There was a question on the BB recently asking
just what the heck is it. Not a bad question really,
as it means many things to each of us. As our
water differs, so does the answer to the question.
So I suppose there are as many answers as there are
circumstances. But, that has never stopped me from
wading in over my waders before, why should it now.
I can only, however, explain what it means to me
for the various conditions I fish. The problem is
there are several. I will try to briefly list them
and what it means on each. Your situation may differ
on each due to personal preference and end goals as
well. There may never be a right and wrong situation,
but hopefully we can all learn from each other and
apply things as they seem desirable. I am far from
a great fly fisherman, but have annoyed some fish
and even brought to hand a few over the years.
Bonefish. Casting from the bow of a flats boat.
Speed is essential. A fly must be dropped about
two feet ahead of a cruising fish, depending on
the water depth, but that is a good average distance.
It should land with as little commotion as possible
and sink at a rate to get to the bottom ahead of
the fish. If cast too far ahead of the fish he may
change course and you will have to re-cast, probably
missing a shot at him at all. The rod must be pointed
at the fish, no slack in the line on delivery and
your hand on the line ready to strip line instantly.
These are all parts of presentation. The cast should
be delivered with as few false casts as possible
depending on the distance needed. Preferably one
cast. Not an easy thing to do, especially with a
wind. Often two false casts are needed to get the
distance and the exact spot for the fly.
Salmon. Wading from a beach. Reading the water is
very important. Rarely can one just pitch into the
ocean, but sometimes it is all that is available.
Blind casting can pay off when the water is calm
and flat. Usually there is enough tide, which
actually causes the water to flow from your right
side or left depending if it is coming in or going
out. This will cause eddies and cross-currents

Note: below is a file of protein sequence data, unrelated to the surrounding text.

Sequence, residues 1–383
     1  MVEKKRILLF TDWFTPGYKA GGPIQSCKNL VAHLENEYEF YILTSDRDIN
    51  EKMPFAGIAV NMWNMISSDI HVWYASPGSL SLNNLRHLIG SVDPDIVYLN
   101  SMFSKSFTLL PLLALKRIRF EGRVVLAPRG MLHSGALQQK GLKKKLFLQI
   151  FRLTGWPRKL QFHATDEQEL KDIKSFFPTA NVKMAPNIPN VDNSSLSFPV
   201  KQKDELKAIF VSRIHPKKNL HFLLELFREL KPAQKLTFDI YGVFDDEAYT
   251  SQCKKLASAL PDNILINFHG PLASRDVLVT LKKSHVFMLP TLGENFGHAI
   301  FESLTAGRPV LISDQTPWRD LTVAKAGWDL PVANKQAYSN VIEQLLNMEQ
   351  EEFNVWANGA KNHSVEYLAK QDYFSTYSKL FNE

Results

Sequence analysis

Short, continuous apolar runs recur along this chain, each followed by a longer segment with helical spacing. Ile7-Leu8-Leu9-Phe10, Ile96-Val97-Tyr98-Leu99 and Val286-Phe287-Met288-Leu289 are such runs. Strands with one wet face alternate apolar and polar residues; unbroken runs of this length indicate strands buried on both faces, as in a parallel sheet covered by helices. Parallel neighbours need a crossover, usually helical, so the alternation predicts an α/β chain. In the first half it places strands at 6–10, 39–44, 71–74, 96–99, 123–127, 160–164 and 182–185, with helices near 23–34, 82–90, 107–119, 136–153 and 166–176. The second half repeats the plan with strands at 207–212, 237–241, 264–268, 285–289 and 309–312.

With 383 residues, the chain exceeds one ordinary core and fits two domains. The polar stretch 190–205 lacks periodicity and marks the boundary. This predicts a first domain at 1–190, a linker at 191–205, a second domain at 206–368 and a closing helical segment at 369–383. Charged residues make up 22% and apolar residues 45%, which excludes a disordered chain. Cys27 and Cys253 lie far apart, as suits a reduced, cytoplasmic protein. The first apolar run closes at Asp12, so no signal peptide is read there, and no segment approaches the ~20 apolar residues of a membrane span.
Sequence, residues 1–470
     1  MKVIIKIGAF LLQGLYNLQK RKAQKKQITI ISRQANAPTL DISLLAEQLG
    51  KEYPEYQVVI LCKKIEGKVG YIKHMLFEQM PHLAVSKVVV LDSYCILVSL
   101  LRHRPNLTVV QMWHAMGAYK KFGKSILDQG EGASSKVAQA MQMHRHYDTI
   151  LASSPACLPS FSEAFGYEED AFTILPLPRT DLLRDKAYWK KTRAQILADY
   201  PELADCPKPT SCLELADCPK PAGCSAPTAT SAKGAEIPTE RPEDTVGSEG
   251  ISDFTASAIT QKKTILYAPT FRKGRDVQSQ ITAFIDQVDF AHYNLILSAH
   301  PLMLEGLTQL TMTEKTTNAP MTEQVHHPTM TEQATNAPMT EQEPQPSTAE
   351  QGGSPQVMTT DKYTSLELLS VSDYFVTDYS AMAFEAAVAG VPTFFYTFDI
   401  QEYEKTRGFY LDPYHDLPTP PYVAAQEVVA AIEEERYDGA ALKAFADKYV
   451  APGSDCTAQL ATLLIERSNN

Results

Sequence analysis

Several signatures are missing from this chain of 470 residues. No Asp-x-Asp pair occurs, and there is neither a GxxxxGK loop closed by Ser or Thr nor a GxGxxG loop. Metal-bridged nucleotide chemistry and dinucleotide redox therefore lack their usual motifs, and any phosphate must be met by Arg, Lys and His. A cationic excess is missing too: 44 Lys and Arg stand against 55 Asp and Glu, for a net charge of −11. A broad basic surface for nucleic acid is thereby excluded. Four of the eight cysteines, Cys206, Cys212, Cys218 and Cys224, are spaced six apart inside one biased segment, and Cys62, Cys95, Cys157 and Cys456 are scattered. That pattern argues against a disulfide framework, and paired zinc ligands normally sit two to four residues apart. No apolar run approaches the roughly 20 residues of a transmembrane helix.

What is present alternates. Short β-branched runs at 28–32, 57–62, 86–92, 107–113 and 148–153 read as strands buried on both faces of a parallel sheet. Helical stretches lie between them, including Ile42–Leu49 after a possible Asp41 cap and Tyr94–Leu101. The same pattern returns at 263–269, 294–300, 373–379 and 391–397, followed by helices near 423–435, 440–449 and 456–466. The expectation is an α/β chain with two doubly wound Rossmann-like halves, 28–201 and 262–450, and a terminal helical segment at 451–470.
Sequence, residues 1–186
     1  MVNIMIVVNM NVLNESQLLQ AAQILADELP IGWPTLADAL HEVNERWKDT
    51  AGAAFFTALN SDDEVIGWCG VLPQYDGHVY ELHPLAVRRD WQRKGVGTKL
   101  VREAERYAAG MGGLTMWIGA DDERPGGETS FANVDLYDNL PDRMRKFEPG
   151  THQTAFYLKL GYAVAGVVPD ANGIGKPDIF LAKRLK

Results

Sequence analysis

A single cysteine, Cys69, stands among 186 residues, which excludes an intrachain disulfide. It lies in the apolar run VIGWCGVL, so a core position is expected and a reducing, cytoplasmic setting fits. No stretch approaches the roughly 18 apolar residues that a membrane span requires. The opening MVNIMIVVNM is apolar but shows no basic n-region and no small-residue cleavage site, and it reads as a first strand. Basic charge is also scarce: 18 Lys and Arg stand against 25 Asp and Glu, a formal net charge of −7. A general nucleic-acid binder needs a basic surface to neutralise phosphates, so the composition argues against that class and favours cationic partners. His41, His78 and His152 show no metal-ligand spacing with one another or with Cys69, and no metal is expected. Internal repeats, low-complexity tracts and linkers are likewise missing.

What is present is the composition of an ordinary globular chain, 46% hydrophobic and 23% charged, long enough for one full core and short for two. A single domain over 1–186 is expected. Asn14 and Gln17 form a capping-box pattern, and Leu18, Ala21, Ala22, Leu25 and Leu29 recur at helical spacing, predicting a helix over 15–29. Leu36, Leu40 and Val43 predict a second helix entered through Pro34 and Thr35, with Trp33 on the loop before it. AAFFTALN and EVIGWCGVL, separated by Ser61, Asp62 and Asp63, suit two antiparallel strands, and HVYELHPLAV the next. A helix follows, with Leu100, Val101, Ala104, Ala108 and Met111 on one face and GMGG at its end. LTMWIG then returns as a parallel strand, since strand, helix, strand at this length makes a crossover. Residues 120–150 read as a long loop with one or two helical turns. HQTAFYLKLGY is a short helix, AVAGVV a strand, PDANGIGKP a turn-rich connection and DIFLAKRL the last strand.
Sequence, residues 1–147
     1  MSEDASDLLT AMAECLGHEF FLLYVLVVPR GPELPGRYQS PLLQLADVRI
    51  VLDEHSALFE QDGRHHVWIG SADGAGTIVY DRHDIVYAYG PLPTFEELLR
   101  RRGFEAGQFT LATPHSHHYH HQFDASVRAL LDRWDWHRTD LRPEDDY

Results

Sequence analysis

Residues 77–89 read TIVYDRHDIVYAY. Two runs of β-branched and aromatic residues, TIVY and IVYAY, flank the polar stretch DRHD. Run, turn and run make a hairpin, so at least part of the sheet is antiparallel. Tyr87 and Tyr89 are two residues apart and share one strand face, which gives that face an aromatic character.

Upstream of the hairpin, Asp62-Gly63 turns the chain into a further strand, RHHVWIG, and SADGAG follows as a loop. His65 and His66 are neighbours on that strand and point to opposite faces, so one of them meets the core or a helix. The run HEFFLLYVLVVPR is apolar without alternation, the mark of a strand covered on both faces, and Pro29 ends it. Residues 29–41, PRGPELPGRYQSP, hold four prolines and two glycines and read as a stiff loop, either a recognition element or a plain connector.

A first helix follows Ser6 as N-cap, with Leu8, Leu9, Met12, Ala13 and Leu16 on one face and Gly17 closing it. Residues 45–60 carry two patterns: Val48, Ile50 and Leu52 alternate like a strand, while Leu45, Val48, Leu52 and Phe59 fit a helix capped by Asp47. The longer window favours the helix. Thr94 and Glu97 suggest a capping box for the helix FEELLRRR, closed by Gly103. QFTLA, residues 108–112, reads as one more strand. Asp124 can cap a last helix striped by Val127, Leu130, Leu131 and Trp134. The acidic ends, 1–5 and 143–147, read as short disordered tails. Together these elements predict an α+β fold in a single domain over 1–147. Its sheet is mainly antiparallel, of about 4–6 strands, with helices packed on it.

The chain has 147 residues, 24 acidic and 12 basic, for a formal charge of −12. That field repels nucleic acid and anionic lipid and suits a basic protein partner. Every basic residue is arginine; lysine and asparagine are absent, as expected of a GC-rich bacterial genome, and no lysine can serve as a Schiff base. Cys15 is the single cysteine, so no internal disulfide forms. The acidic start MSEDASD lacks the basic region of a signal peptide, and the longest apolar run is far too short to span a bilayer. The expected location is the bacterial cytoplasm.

sometimes which are in effect, cover or structure.
Places for bait or bait fish to be found. Identifying
these can be the difference between success and
failure. Here often the guy with longest cast can
more than out fish others. It is not just because
his fly is in the water more, it is because he may
be the only one who can reach the fish. His fly
alone may be seen. The case for learning distance
casting can not be overstated here. Distance equals
presentation. How it lands means nothing. Where in
the currents and structure can be vital. What happens
after the cast is very important, the mending of the
slack, half-roll casts, constant control of the fly,
all are part of presentation as you are offering
a fly which likely represents a bait-fish. You must
control how you want it to look. Dead, drifting,
injured, crippled whatever. Presentation.
Trout. In a stream. Perhaps while wading or from
the bank. Most things are about the same. Nothing
can take the place of accuracy. This can only be
learned by practice. Not only while fishing but
off of the water as well. Now, I am not a fan of
downstream fly fishing and not at all sure that
it should be considered as such, but let's move
beyond that for the time being. I do my casting
upstream mostly. Many times I will, in the air,
measure the distance of my cast off to the side
of the fish or the place I want my fly to drop.
When I am satisfied that my distance is correct,
only then will I land the fly.
This will now depend on many factors. I will use
what ever type cast is needed to present the fly
with the proper amount of slack, controlled slack
that is, to the fish. Several types of cast are
needed in one's arsenal and these must be learned
to be able to cover a wide variety of conditions.
Again, here practice is vital. Curve casts and
slack line casts of all types. The mending after
the cast is imperative to presentation as a
dragging fly is most often to be avoided. Here
again knowledge of casting comes in, mending is
part of it. How one picks up the fly after it
has passed the fish is important so as not to
put him down. Various pick-ups are available,
learn as many as you can find; wiggle, roll-cast,
shake and horizontal for dry fly work. If fishing
wets upstream, sliding the fly straight out is not
a fault but would be with a dry. Using a true
reach-cast where the line slides through the guides
as the cast is laid down so it does not shorten
the cast is a cast I employ more often than one
might think. This allows me to lay my line exactly
where I want it to so as not to encounter some aspect
of current or spoil a fish. During all of this the
fly is hopefully drifting naturally, thus this is
all part of presentation. The cast would utilize a
true reach, probably a quick stop of the line with
the index finger of my casting hand to cause a recoil
just before landing.
So, what is presentation? Good question. But,
at least now you have a few answers. Not by
any means all, but some. ~ JC